Because most philosophies that frown on reproduction don't survive.

Thursday, July 11, 2013

A Pathetic Story With Two Morals

Yesterday, whether it was wedding mania or baby's growth catching up to me, I was completely exhausted before noon. All morning long the bone-weariness of pregnancy weighed me down, making movement slow and thought difficult. When I stood, I felt too tired to walk. When I sat, I felt too tired to get up. When I laid down... but I was afraid to try that, because at that point there's no return. When I had to move, I crept up the stairs like Frodo climbing Mount Doom, bowed almost double from burdens and fatigue. It was bad.

So all afternoon the kids binged on episodes of Phineas and Ferb and Hole in the Wall and ate cold hot dogs and chips and kept the three-year-old alive while I lay half-conscious in bed and didn't even care. Not only did I not care, I was grateful for the technology that produces dumb game shows and processed meat products that don't need to be heated. But it did make me wonder about next school year. If I'm this tired at not-quite-four-months pregnant, how will it be during the school year at seven months? Eight months? Nine months? How am I going to teach these children when my head is too heavy to think? How can I run this household when I can't move?

Many plans flashed through my head, each worse than the other, but eventually I had to go with the one that made the most sense: I just went to sleep. When I woke up, I hadn't solved these problems, but Darwin was home and making dinner for everyone and the downstairs had been picked up.

So, Moral #1: don't try to make big decisions about the future while you're completely incapacitated. Moral #2: Daddy will fix everything when he comes home.


Anonymous said...

Third lesson: life doesn't have to move as fast as we think it does.



Anonymous said...

Thank you. I am in the exact same boat and it is always nice to know that I am not alone :).

entropy said...

Moral #1 is a lesson I have to keep re-learning. It should be on my wall somewhere.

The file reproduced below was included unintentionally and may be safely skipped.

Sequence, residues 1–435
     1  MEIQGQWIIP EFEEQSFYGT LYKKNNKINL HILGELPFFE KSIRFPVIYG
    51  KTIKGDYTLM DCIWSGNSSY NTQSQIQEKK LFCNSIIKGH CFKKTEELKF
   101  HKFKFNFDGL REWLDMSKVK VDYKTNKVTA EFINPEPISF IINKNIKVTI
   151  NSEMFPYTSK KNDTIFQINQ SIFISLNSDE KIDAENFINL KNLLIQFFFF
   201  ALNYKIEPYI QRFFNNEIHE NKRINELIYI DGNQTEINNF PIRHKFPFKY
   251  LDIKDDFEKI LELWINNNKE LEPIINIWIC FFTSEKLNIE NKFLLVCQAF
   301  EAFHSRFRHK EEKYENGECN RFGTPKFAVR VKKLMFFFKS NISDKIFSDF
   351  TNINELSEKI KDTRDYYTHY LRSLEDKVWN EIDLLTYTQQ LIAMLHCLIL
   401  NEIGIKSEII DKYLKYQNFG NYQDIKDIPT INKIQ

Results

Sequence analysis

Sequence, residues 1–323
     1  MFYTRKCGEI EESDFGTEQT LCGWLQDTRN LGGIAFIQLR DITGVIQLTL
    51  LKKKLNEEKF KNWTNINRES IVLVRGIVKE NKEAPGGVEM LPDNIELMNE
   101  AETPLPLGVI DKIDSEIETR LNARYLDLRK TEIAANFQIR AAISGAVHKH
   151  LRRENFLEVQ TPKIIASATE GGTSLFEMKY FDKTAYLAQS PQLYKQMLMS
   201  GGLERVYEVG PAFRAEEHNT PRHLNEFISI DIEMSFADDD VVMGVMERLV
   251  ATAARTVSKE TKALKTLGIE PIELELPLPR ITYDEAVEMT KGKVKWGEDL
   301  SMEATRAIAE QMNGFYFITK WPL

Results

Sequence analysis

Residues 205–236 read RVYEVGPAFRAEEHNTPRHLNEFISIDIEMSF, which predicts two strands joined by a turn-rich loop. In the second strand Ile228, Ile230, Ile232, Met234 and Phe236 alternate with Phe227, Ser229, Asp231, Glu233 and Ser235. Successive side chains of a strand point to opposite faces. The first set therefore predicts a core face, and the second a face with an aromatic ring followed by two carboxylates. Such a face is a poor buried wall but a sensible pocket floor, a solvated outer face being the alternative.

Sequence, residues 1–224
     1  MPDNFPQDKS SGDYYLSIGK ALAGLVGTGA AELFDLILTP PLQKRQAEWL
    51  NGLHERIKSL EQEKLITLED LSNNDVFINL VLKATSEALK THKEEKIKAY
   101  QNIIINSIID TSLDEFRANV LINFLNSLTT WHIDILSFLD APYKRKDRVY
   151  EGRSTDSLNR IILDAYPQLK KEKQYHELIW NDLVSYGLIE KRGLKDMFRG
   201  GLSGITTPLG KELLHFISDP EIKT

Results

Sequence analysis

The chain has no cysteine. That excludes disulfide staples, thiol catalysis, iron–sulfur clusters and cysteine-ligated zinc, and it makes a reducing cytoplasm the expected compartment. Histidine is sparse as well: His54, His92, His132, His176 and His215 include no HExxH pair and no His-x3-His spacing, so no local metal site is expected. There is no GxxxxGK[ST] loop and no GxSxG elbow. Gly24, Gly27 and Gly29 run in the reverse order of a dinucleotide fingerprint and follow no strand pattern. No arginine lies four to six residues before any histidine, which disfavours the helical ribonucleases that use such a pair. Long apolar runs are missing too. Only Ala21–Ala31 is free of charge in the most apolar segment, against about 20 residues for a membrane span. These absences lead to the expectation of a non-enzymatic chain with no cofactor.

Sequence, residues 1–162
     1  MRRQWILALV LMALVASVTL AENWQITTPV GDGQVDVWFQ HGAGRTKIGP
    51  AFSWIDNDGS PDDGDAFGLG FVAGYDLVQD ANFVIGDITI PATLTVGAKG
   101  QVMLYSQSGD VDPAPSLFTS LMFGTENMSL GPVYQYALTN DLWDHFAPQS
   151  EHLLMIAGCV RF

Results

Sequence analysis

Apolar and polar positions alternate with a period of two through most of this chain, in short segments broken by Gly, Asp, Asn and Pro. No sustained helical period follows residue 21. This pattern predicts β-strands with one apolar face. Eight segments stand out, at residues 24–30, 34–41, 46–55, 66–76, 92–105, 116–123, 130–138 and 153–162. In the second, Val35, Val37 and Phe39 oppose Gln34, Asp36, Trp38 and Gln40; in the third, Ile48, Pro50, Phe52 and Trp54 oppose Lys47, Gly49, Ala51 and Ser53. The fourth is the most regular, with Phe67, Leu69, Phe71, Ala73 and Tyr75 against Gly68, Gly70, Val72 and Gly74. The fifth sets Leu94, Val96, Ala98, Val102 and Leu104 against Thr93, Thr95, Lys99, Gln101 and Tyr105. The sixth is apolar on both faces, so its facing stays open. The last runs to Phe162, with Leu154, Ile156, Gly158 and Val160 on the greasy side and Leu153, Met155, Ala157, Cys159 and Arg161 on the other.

Me, this weekend: Hooowww am I going to manage all of this?
I still don't know but I feel better about tackling it!

Jenny said...

I need Moral #1 tattooed on my forehead. Backwards. So I can read it in the mirror.

Don't be so hard on yourself. I know my brain functions much more clearly towards the end of pregnancy. At four months, I can barely keep up with the days of the week. At eight months, I may not be able to move, but at least my brain is functioning again. Somewhat.

Bernadette said...

Have I ever told you about what my family calls the Summer of Hotdogs? Mom was pregnant, I think with Joanna, and she spent pretty much the whole summer laying down in her darkened bedroom in between visits to the bathroom. We spent the summer doing pretty much whatever we wanted, eating hotdogs for almost every meal. My sister Mary, who was maybe 10 or 11 at the time, was in charge of packing the car so we could go camping on the weekends. Rachel was older, but she had a summer lifeguard job, so she wasn't around. Not only did all of us survive, but I remember it as a pretty good summer. Also, this is how Mary began acquiring her rather astounding organizational skills. So, you know, there could be a plus side. And maybe in fifteen or twenty years Eleanor will start throwing Shakespeare costume parties.

Anonymous said...

MrsDarwin said...

Anon, I wasn't going to comment on it, but this quote from that link has been gnawing at the back of my brain all day:

Since the Second Wave of feminism, women have been attempting to solve that problem by either going to work outside of the home, having their husband help with the housekeeping, or both. But traditionally, women had help from other women, not from their husbands. We’re essentially trying to turn our husbands into our aunts, and then we’re all disappointed when we end up married to the kitchen bitch.

I am so very grateful when Darwin, after a long day at work, helps out by washing dishes or straightening up or making dinner for me that it would never cross my mind -- ever, not in a million years of marriage -- to think of him as "the kitchen bitch", and anyone who can even casually refer to a husband that way is not writing an article for which I am the intended audience.

Anonymous said...

It's fine that you don't read The Atlantic. That phrase was a reference to Atlantic writer Sandra Tsing-Loh's term for the husband Ms. Loh ultimately divorced.

But you still need moar help, we all do, that stay home and raise children.